2. Ultrasonic Sound Emitters
Groundhogs and groundhogs, as well as other animals that may invade your garden, tend to have very good hearing. This means that loud or consistent noises will scare them away or at least shorten their visits significantly!
One of my favorite technologies to keep pests away from my backyard is these cool solar-powered ultrasonic sound emitters that you can buy right off Amazon! In my experience, they really work, and the solar panels on top save you the time and money of changing batteries all the time.
3. Using Lights and Reflections
Placing CDs or tin foil and mirrors around your yard is another cheap and effective way to create light reflections that blind and scare groundhogs.
This may sound a little old-fashioned but it still works! The reflective surface of CDs or tin foil drives groundhogs crazy and will make them seek away from your plants.
You can use old CDs you no longer need or aluminum trays from takeaway containers, just make sure they reflect light well.
If you have a lot of plants to protect this way, it may be a good idea to invest in some commercial mirrors or electronic light emitters like the ones shown above.
4. Build a Fence
The most obvious and practical solution to protecting your plants from groundhogs is to install a fence around the patch. A fence should be at least 2 feet tall and sunk in the ground about 8 inches.
The best fencing material for this purpose is a cattle panel or hog panel as they are very sturdy and can withstand even quadruped animals such as goats, cows, and deer. However, most chicken fencing types will do. This will be strong enough to stop them from getting through while still allowing for airflow and sunlight.
If you don’t like the idea of building a fence around your entire onion patch then you can try fencing off only the area that your onions, tomatoes, or zucchinis are in; this will at least keep some of the groundhogs or groundhogs away from them.
5. Using Hot Pepper Or Garlic Spray
This is a good way to protect your vegetable plants or decorative flowers against pests such as groundhogs, rabbits, deer, and groundhogs. It will also protect your backyard against the neighbor’s cat that thinks it is fine to use your vegetable garden as a toilet.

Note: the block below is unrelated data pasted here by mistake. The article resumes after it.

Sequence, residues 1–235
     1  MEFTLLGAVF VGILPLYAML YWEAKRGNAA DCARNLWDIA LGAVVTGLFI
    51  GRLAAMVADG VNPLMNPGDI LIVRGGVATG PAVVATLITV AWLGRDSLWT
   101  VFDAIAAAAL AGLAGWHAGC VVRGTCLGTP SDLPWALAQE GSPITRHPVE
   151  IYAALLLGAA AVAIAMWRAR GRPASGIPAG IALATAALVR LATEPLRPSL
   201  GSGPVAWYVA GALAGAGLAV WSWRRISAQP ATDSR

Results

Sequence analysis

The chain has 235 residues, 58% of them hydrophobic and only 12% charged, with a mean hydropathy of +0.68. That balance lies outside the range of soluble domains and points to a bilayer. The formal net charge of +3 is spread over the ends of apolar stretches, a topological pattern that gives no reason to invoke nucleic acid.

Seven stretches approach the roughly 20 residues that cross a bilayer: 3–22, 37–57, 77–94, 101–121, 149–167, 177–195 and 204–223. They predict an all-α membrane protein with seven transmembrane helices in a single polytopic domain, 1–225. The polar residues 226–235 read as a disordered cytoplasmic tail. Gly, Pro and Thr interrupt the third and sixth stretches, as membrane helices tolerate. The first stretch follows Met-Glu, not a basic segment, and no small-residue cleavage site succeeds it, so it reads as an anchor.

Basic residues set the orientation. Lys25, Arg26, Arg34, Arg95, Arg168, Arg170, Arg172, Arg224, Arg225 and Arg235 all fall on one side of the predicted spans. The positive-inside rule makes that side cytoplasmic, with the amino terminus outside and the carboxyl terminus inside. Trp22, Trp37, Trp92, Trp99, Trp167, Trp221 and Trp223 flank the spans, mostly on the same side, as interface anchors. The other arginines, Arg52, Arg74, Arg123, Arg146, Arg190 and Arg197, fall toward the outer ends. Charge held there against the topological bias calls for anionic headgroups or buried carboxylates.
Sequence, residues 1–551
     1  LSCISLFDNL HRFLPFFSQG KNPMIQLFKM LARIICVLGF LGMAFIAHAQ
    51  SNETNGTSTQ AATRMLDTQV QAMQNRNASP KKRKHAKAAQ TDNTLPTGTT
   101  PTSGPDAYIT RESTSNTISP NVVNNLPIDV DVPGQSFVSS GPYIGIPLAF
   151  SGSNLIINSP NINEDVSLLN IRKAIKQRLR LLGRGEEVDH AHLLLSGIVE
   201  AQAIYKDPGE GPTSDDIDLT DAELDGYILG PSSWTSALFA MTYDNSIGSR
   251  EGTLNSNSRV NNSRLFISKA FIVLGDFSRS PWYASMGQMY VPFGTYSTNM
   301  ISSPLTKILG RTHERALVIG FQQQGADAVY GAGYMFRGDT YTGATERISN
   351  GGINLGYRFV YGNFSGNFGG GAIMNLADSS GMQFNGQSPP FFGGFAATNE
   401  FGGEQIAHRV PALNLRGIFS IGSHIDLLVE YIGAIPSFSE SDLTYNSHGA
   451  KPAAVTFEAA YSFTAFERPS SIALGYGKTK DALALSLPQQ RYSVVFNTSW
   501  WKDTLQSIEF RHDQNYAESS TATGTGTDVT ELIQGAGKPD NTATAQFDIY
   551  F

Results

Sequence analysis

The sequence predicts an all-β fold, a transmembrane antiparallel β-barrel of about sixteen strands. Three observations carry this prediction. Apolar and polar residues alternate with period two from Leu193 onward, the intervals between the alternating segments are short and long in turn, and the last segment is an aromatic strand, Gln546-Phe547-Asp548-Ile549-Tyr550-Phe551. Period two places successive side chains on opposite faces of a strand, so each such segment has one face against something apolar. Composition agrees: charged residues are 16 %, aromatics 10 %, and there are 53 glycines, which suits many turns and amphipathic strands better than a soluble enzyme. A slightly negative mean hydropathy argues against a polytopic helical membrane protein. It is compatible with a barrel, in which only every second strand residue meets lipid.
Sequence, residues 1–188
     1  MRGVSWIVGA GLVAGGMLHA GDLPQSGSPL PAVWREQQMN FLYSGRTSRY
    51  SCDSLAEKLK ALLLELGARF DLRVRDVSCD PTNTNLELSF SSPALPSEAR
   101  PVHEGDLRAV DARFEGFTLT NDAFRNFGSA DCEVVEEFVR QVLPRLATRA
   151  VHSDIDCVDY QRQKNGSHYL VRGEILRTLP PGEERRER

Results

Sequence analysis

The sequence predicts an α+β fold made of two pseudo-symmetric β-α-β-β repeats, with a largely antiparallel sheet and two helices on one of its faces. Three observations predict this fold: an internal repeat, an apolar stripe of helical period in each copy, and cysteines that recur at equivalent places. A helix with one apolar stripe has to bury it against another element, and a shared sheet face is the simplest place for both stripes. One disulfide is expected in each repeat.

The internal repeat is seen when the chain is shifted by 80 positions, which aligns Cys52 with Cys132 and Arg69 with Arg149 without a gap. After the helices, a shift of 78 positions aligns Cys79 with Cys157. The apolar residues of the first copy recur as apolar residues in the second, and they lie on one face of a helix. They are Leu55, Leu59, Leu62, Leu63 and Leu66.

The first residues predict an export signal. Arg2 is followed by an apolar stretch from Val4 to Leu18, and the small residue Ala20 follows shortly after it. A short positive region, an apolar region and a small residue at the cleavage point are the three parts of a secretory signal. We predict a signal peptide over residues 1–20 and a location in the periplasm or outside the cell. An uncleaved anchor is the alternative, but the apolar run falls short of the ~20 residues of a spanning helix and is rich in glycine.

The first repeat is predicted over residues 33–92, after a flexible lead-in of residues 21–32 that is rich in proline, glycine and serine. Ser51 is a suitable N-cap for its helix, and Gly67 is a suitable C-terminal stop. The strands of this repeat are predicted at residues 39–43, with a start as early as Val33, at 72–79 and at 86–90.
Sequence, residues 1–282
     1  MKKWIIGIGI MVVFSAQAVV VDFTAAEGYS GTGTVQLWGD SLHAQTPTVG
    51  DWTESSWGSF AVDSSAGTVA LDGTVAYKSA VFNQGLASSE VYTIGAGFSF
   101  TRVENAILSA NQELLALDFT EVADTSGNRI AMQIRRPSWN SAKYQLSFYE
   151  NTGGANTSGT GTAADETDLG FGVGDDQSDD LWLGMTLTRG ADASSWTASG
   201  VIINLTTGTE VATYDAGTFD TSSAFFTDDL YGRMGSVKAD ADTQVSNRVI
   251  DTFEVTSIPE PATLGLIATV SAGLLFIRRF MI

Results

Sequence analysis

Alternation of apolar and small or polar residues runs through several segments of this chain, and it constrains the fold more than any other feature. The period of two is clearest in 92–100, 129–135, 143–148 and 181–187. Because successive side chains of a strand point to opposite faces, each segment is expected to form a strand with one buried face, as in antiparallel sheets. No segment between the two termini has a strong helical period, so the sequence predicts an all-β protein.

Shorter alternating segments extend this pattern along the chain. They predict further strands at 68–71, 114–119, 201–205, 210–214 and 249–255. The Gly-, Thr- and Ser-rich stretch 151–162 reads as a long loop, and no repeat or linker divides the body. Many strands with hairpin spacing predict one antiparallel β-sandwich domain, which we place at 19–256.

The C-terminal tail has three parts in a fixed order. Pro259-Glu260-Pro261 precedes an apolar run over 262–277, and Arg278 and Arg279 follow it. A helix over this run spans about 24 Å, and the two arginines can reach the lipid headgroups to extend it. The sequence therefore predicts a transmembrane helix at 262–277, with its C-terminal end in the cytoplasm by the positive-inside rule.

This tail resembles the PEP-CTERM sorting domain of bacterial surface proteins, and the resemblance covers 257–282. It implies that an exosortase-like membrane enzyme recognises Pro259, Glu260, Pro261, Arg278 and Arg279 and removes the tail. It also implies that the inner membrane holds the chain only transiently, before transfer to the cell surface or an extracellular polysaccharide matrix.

You only need about 1 tablespoon of crushed chili pepper and garlic along with 1 cup of vinegar per half a gallon of water.
Spray this mixture on any exposed parts of the plant until completely covered. Make sure you reapply whenever rain washes away the spray.
6. Use Rodent Deterring Companion Plants
Instead of making a tincture out of strongly smelling plants, you can also just plant the plants themselves!
Companion planting is a good way of deterring animals like groundhogs from your garden. You can plant strong-smelling plants such as garlic, basil, lavender, and chives around your favorite vegetables.
These plants will keep rodents like groundhogs, groundhogs, and mice away because they don’t like the smell of these and they mask the smell of the delicious plants.
7. Using Artificial Repellent
You can use some of the commercially available repellents to protect your vegetable plants against groundhogs, groundhogs, and other rodents. You will need to be careful when using these though because some of them can end up harming you and your pets if not applied properly. Some of the commercial groundhog repellents available include Shake-Away, Bonide Repels All, Critter Ridder, and Tom Cate Repellent.
8. Using a Scarecrow
Scarecrows may look a little funny in your garden, but they work surprisingly well. Just make sure your scarecrow is big and scary enough to deter groundhogs from getting anywhere near your tomatoes, zucchini, or backyard flowers! Also, you may need to replace the scarecrow every now and then as groundhogs will get used to it.
9. Using live traps
Using live traps to catch the groundhog and drive it away to somewhere safe, but far away, is perhaps the best option if you want to get completely rid of groundhogs in your yard!
You can make a trap yourself with some wire and ingenuity…
But, you can also just buy a live trap, as the sturdy metal ones shown here:
Groundhogs are interesting animals that are sometimes considered pests, but they do not scare away other pests, unfortunately.
Although they do not keep other animals away from your yard, they can be beneficial for some animals to have around.
Their burrows provide shelter for many animals during harsh weather conditions.